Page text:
• And at last some fiber progress!! I finished a prayer shawl to turn in to the prayer shawl ministry. I've hemmed two pairs of slacks, sewn a loose button onto a fall suit jacket, stitched shoulder pads into another suit jacket, and shortened the sleeves on yet another jacket.
This weekend I'll be painting. In fact I may be painting into the next week or two since the halls and stairways are on the "to paint" list.

Meanwhile, I've been thinking about why October is one of my favorite months:
  • There's the obvious autumn color that's part of our geography.
  • The Supreme Court goes into session early in October, which always makes listening to the news more interesting. (Not necessarily good news with this largely conservative court, but I do love to hear Nina Totenberg's reports.
  • The Nobel Prize announcements begin in October and often continue through to early December. I love the stories associated with the prizes. The history of the Nobel prizes is also something worth noting. If you're not familiar with it, go read War and Peace in the Thinking of Alfred Nobel.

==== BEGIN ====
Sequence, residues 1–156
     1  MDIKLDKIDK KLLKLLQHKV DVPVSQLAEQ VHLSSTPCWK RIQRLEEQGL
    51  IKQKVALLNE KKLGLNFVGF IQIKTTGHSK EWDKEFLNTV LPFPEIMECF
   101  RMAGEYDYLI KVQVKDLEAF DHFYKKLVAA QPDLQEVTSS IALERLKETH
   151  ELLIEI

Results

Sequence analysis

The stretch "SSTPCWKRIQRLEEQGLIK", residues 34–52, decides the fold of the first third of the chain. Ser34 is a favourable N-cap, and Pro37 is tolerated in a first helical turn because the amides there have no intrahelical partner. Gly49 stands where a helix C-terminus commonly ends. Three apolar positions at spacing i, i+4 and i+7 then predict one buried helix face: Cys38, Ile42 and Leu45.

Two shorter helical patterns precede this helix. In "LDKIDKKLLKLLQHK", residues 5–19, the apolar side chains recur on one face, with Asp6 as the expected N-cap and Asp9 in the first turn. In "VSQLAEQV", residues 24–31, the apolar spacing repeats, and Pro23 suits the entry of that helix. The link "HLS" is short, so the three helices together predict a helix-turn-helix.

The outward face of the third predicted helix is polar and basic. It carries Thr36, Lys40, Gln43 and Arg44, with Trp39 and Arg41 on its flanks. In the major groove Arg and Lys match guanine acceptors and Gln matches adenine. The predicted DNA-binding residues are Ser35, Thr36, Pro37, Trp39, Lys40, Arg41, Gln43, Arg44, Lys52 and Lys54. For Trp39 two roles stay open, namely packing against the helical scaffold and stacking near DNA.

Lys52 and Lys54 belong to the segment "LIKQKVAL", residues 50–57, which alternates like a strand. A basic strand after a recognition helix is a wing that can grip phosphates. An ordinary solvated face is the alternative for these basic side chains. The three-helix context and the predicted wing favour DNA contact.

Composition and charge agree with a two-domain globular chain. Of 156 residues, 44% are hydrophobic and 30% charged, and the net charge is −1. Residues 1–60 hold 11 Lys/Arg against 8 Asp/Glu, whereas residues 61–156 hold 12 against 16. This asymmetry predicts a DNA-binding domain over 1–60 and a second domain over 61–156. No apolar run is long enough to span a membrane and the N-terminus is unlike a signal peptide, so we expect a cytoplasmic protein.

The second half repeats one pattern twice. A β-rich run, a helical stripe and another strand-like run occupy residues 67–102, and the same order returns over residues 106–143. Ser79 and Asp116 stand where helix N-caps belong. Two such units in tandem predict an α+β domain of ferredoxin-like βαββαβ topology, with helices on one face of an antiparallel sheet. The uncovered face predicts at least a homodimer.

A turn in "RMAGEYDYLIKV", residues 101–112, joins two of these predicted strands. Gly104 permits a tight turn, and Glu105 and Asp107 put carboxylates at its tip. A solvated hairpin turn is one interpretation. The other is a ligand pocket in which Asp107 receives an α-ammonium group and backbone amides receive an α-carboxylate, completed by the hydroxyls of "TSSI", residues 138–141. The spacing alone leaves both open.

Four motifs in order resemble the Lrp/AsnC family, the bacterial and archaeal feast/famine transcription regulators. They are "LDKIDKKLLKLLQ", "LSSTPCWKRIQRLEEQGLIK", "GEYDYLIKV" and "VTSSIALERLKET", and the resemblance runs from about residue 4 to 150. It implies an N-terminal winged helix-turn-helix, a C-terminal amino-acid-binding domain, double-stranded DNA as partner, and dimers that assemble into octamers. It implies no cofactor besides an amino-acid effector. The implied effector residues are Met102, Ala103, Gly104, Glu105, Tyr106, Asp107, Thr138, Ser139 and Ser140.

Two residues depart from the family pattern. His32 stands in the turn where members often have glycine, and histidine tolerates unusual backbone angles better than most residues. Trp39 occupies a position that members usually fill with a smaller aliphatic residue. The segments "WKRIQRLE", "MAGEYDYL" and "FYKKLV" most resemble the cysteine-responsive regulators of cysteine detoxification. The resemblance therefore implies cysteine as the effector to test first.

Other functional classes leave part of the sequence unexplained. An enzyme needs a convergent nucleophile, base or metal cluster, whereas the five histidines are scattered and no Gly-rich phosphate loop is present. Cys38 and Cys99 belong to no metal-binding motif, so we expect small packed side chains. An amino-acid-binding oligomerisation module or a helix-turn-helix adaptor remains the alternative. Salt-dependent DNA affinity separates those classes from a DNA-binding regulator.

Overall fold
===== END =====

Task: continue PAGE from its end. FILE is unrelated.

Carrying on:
• October also means fresh apple cider, trips to the cider mill and a cinnamon donut or two slipped into the month.
  • And it means that the flowers which have been dying from my neglect for the past 3 months will now finally die of natural causes. My guilt will be assuaged!
  • The month wraps up with Halloween, which is the dh's birthday. Even tho' I'm annoyed with him today, he is still one of my favorite people.
All in all, October is a pretty good month. There should be more months like this.

Sunday, October 07, 2007

(caution, old rock titles and dark humor ahead) Eva Destruction.....

Yep, still cleaning and organizing with my own particular form of vengeance.

This past week found me tearing apart my clothes closet, trying everything on to see: what fit, what needs repairs, what goes with what, and what needs to go. After almost 3 hours of costume changing, I ended up with a pile of clothes on the bed that took almost as long to sort and put away. My fiber work for now is incrementally working on a large pile of mending and hemming. (I still have to sort through the shoes.)